District of Columbia officials released results from a recent citywide elementary school exam Monday, and the scores are abysmal. Less than a quarter of students met expectations in either math or English.
Among all eighth grade students who took the test, just 3 percent met expectations in math, while 8 percent of seventh graders met the math expectations, according to Partnership for Assessment of Readiness for College and Careers (PARCC) test results.
The PARCC test is designed by 11 different states and the District to provide a test of college and career readiness for students. The test was administered for the first time in the 2014-2015 school year to more than five million students.
Of all the D.C. public school students in grades three through eight who took the test, only 25 percent met English expectations, and just 21 percent are on the correct level in math achievement.
Around half of individual elementary schools didn’t have a single student who exceeded expectations in math.
Jack Jacobson, president of the State Board of Education (SBOE), says the test results show a need for renewed urgency to improve city schools.
“These PARCC results echo the scores for our high school students,” he said in a statement. “Every student in every ward should have the same opportunity to succeed. We must do better.”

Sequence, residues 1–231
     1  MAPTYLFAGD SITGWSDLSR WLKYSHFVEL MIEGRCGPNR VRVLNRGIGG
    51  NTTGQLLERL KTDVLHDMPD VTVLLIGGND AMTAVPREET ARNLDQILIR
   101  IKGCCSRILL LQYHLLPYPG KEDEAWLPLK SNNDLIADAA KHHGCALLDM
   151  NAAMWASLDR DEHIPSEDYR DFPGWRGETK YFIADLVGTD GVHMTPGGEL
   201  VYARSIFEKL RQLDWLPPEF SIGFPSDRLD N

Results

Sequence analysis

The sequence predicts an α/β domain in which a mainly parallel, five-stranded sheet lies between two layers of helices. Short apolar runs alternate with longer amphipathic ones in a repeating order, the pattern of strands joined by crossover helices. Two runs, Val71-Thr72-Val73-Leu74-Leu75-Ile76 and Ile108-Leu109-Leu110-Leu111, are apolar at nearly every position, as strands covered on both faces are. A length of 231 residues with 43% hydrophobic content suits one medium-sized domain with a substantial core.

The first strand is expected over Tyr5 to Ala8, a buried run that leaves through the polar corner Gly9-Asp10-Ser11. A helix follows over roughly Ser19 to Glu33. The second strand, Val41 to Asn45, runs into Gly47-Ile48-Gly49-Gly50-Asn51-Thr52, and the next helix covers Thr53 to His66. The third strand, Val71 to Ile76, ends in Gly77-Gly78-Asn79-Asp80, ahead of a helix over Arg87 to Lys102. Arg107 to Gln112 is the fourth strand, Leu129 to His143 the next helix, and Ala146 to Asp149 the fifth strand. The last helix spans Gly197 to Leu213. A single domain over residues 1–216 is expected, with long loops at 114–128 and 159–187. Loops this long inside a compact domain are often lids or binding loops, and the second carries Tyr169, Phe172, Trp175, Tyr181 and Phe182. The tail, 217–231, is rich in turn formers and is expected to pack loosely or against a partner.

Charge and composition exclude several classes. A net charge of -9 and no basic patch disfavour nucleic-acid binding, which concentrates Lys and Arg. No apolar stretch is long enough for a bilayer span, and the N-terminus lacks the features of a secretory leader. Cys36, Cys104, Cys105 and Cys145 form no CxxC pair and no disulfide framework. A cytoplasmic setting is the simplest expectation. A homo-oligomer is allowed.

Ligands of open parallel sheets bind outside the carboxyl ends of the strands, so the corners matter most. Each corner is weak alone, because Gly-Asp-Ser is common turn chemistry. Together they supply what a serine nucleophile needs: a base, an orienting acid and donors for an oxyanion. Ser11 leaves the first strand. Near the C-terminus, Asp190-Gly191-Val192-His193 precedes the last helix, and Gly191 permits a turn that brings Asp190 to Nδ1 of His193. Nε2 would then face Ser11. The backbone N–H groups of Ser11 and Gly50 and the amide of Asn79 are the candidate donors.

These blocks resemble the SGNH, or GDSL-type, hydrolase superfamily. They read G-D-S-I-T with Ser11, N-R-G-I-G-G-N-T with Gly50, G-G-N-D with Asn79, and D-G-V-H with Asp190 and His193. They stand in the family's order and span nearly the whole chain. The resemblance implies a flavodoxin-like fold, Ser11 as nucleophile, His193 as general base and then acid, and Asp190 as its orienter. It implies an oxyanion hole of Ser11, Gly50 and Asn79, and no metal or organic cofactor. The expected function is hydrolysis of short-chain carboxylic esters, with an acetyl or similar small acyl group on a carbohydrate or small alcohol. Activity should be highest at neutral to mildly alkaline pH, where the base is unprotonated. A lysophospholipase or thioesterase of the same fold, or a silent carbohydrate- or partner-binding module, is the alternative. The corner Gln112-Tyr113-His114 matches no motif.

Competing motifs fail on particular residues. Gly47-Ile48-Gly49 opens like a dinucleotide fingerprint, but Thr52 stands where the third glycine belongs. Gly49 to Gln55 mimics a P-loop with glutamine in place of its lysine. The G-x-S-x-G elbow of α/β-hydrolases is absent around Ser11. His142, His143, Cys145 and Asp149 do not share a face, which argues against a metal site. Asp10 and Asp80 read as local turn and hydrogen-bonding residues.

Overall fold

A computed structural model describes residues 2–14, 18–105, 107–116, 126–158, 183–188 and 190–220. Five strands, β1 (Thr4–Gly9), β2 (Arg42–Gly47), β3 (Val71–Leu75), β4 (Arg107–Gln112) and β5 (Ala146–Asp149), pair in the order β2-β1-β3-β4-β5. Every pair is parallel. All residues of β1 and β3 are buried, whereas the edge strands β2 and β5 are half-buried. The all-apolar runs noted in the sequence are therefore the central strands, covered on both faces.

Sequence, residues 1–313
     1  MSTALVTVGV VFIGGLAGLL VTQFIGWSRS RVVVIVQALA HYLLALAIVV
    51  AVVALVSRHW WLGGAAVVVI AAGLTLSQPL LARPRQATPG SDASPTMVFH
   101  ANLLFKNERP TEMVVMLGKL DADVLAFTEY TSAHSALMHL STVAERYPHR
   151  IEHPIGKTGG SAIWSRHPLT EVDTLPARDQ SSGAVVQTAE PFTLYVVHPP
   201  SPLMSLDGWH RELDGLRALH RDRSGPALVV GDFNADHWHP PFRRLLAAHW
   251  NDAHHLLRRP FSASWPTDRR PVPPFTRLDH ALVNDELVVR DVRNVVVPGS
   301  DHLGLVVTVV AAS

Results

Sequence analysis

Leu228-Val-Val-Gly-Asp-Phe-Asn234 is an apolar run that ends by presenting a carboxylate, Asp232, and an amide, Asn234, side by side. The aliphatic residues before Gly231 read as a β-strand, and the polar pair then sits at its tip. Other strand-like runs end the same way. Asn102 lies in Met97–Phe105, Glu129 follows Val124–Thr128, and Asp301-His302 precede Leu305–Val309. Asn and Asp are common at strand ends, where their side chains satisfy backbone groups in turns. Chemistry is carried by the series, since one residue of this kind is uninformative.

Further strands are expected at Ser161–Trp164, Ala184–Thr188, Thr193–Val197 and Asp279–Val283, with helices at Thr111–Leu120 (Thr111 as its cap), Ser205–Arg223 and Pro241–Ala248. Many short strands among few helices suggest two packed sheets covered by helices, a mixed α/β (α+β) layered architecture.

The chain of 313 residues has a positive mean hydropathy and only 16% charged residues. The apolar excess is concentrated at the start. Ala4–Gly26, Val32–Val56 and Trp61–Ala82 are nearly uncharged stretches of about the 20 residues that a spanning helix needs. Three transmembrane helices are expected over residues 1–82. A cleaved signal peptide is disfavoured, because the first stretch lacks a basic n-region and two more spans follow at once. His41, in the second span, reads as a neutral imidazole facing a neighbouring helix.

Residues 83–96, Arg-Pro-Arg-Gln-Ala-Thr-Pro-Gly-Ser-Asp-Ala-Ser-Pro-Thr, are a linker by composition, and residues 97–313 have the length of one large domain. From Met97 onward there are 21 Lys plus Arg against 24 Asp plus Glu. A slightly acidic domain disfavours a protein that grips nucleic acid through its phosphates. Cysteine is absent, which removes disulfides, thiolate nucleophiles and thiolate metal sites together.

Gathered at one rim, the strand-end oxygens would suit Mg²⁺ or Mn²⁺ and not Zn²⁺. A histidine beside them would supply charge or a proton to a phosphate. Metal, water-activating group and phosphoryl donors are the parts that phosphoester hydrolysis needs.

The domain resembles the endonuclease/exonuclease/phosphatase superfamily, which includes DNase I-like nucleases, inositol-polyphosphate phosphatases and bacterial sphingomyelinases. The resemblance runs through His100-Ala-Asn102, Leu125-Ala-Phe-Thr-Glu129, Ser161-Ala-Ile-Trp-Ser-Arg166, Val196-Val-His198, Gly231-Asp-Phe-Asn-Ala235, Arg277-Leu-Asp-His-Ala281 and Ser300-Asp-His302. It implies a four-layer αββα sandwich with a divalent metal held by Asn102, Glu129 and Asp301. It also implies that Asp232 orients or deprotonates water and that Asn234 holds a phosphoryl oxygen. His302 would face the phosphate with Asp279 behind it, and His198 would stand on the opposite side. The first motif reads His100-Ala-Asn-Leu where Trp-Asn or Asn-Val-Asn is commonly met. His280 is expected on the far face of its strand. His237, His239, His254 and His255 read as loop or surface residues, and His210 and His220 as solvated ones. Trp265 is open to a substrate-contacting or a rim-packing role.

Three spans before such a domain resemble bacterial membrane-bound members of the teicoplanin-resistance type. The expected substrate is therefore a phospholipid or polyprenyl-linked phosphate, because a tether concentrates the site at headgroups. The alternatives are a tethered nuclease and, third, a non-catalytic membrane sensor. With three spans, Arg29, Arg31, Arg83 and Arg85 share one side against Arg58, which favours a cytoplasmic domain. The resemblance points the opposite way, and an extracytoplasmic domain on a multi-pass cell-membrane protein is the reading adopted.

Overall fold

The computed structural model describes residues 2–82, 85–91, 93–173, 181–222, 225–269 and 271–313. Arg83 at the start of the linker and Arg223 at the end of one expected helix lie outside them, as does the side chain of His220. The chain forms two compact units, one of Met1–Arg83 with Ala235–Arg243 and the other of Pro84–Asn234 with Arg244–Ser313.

In October, city officials released the test results for high school students that showed just one in 10 sophomores is on track to be prepared for college.
The vast majority of city schools scored flat zeros in math preparedness, with the 10 percent average being largely propped up by two premiere magnet schools with rigorous admission standards.
Kaya Henderson, chancellor of DC Public Schools, called the test results “sobering,” and called for more “strategic investments” in the city’s failing schools.
“With the new baseline set by these PARCC results, we will work to ensure that these scores improve each year by continuing our strategic investments and working with our community,” she said.
While the results are mostly negative, they show a wide racial discrepancy with white students far outpacing their black and Hispanic peers.
According to the test scores, 79 percent of white students met expectations for learning in English while only 17 percent of black students and 21 percent of Hispanic students met expectations.
Several states across the country released their test results over the past month, all with test scores superior to D.C. schools.
In Massachusetts, for instance, 60 percent of students met English expectations, while 52 percent of students met math expectations. In New Jersey, 50 percent of students met English expectations, while 37 percent of students met math expectations. A few other states that reported results also had higher test scores.
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